March 6, 2014 at 3:48 pm
Thanks Jim-LA for the input. I think you gave me more information than my neurologist has given me. He would say it’s due to the CIDP, which doesn’t make sense because shouldn’t the IVIG be helping with CIDP symptoms. Anyway, I reside near Denver, CO. If you can think of any providers in that area it would be greatly appreciated.
Thanks GH for replying, I agree with you regarding the second opinion. I have been currently trying to seek a new neurologist but it is hard to find someone who has expertise is this area.
March 6, 2014 at 4:49 pm
Have you considered other treatment options? IVIG does not work for everyone, myself being a case in point. After no positive results with the IVIG infusions, I tried Ratuxin with mixed results, prednisone, cellcept, several of the MS drugs and plasma exchange. Diagnosed with CIDP in ’96 (after having GBS in ’85), so have been fighting it for a long time. My current treatment consists of 2000 mg cellcept daily, plasma exchange every three weeks with a 1,000mg IV does of prednisone. This has kept me pretty stable for the past several years. As I am sure you have read on this site, everyone responds differently to the various treatments, and sometime the body builds an immunity to the various treatments reducing their effectiveness.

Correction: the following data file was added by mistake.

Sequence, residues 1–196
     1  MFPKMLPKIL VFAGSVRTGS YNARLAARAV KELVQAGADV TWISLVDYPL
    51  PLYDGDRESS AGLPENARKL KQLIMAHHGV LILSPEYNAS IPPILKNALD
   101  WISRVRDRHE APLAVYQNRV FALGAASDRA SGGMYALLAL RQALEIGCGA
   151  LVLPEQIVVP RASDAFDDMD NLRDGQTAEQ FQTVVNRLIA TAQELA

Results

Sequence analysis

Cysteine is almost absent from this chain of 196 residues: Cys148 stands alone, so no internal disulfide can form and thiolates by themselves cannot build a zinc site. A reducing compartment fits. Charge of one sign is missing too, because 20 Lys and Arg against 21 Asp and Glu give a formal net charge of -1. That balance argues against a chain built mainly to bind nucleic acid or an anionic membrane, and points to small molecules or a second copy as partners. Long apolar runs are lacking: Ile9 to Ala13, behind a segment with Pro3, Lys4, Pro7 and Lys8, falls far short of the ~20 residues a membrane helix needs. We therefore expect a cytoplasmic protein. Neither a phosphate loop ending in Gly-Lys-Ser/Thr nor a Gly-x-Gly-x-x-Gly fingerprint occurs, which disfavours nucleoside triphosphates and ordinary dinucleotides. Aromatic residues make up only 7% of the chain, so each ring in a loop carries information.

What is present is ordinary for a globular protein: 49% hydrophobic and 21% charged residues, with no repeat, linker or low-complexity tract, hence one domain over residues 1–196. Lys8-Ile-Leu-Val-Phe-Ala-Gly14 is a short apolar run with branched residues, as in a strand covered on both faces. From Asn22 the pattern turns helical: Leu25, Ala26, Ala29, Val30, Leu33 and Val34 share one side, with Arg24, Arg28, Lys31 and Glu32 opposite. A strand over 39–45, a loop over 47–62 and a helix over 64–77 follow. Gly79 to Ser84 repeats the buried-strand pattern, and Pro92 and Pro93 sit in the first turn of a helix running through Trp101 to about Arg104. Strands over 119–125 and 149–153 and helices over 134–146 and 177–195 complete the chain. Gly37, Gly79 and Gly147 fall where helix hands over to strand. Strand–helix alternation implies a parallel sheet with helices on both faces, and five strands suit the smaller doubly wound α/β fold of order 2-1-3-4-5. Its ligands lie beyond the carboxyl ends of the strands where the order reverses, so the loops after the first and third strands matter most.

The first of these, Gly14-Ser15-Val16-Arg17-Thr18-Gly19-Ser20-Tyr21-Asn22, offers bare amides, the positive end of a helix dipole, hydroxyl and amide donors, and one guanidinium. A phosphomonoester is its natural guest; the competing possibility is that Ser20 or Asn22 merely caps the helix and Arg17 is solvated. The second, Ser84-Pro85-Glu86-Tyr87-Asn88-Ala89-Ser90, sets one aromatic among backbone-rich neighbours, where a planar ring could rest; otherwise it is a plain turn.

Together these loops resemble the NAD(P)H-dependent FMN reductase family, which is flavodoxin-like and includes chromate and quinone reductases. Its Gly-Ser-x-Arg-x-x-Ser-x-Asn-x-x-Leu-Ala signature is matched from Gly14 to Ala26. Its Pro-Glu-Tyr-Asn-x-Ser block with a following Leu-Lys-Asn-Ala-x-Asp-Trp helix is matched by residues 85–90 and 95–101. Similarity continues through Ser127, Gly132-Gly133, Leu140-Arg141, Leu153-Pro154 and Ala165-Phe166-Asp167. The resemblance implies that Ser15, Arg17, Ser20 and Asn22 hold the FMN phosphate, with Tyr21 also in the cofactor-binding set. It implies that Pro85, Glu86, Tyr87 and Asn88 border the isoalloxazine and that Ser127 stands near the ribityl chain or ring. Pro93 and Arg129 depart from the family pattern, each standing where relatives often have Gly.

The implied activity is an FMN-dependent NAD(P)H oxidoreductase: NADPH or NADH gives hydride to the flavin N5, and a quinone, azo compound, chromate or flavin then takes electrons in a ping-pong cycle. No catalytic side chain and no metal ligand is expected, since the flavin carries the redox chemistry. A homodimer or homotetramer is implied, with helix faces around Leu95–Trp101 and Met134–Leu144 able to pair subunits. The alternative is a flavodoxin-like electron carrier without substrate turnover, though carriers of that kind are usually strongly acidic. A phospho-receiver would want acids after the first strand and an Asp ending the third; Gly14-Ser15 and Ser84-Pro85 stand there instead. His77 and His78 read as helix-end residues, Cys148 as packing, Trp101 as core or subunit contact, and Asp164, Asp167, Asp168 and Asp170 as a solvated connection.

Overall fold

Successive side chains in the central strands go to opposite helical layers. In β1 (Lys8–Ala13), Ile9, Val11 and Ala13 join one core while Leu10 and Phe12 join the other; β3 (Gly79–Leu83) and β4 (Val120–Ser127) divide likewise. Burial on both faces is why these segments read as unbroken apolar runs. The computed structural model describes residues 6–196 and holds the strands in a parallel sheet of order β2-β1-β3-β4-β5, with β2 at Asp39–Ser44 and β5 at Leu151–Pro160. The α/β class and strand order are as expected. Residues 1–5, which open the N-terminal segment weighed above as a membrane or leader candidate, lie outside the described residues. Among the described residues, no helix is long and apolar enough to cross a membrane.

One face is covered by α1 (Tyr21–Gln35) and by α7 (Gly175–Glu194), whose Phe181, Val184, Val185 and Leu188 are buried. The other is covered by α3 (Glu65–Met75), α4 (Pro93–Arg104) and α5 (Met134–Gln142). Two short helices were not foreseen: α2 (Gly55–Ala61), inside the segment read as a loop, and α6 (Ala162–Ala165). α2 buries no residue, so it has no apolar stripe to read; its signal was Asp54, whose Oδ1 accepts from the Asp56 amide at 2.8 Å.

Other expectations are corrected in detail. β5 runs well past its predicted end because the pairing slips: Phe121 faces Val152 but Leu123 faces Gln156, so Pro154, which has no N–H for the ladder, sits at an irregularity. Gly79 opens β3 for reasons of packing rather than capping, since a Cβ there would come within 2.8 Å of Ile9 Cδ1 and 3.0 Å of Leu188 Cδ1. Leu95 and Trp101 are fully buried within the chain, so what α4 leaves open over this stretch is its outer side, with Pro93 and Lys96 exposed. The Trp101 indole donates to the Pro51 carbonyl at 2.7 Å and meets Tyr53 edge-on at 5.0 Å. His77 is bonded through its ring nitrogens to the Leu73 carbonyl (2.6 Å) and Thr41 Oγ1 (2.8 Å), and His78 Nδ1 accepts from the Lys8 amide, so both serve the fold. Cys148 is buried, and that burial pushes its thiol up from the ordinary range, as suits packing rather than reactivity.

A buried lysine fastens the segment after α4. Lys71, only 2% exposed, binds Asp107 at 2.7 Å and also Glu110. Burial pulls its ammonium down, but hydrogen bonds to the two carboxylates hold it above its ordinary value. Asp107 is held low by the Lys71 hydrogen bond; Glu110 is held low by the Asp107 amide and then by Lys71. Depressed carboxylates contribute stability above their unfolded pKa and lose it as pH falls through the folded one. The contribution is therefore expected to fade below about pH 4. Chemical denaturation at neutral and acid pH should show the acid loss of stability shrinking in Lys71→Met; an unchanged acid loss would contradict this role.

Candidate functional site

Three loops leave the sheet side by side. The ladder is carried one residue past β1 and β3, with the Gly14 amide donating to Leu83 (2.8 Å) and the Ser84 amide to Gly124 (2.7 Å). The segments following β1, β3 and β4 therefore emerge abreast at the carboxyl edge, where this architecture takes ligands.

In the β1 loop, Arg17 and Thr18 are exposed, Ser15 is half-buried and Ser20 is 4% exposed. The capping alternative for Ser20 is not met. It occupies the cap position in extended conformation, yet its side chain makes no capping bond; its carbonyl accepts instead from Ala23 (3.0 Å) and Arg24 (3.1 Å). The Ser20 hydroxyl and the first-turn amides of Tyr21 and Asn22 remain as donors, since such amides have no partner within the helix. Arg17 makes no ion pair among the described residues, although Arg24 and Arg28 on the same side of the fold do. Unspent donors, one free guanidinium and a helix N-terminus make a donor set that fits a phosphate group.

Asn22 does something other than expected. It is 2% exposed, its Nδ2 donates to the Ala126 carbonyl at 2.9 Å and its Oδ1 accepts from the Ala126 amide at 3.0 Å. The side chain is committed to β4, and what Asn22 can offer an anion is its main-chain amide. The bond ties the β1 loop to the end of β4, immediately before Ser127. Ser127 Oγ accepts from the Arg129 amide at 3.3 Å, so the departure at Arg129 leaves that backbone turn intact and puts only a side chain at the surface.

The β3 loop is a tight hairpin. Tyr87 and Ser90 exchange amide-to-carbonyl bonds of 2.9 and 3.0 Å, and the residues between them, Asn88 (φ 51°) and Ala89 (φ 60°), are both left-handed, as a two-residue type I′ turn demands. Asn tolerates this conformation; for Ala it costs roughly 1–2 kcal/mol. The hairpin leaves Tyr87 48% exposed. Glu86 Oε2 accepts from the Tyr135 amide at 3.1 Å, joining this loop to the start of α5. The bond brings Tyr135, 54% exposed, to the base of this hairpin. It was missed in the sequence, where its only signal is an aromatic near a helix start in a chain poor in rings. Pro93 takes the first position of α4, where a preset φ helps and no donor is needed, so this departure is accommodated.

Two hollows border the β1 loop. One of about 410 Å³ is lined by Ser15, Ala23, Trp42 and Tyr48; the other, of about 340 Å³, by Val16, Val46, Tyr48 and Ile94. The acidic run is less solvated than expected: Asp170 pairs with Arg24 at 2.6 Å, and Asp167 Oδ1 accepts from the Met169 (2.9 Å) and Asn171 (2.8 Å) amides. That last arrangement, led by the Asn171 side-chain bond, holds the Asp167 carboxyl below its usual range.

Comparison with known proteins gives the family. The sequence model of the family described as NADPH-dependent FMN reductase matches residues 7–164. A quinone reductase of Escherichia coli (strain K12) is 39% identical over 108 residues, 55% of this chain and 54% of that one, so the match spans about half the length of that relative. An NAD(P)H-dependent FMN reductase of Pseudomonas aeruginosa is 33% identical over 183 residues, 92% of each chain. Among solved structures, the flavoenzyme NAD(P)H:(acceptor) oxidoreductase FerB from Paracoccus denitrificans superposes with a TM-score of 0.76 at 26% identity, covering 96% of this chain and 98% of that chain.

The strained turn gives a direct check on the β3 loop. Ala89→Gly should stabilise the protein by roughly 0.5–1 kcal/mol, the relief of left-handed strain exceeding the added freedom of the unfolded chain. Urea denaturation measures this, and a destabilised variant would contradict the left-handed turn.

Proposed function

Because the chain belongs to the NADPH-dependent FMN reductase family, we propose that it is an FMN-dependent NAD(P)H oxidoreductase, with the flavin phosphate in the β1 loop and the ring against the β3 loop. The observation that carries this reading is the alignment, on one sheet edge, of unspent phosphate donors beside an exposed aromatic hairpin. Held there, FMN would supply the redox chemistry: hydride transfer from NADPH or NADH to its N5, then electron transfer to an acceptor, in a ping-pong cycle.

Regarding a neuro, you may consider contacting the Craig Institute. They are a premier spinal injury facility, but would think they would know a go to doc in Denver. Good luck.
March 6, 2014 at 11:49 pm
Your closest Center of Excellence is either in Phoenix or Kansas City. See the full list here: http://www.gbs-cidp.org/home/get-support/centers-of-excellence